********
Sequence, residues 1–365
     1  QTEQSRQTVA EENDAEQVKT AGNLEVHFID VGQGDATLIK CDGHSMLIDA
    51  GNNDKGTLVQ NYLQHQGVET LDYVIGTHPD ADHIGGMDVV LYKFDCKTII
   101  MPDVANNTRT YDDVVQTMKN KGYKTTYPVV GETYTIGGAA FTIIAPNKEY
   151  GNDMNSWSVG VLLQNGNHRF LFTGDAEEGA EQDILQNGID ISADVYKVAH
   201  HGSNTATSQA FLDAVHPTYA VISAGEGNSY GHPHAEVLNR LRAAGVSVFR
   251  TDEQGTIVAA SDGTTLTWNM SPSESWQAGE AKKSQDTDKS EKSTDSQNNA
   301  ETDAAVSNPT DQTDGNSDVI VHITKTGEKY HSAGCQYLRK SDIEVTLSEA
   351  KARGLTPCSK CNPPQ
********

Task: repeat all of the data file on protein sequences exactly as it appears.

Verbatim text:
Sequence, residues 1–365
     1  QTEQSRQTVA EENDAEQVKT AGNLEVHFID VGQGDATLIK CDGHSMLIDA
    51  GNNDKGTLVQ NYLQHQGVET LDYVIGTHPD ADHIGGMDVV LYKFDCKTII
   101  MPDVANNTRT YDDVVQTMKN KGYKTTYPVV GETYTIGGAA FTIIAPNKEY
   151  GNDMNSWSVG VLLQNGNHRF LFTGDAEEGA EQDILQNGID ISADVYKVAH
   201  HGSNTATSQA FLDAVHPTYA VISAGEGNSY GHPHAEVLNR LRAAGVSVFR
   251  TDEQGTIVAA SDGTTLTWNM SPSESWQAGE AKKSQDTDKS EKSTDSQNNA
   301  ETDAAVSNPT DQTDGNSDVI VHITKTGEKY HSAGCQYLRK SDIEVTLSEA
   351  KARGLTPCSK CNPPQ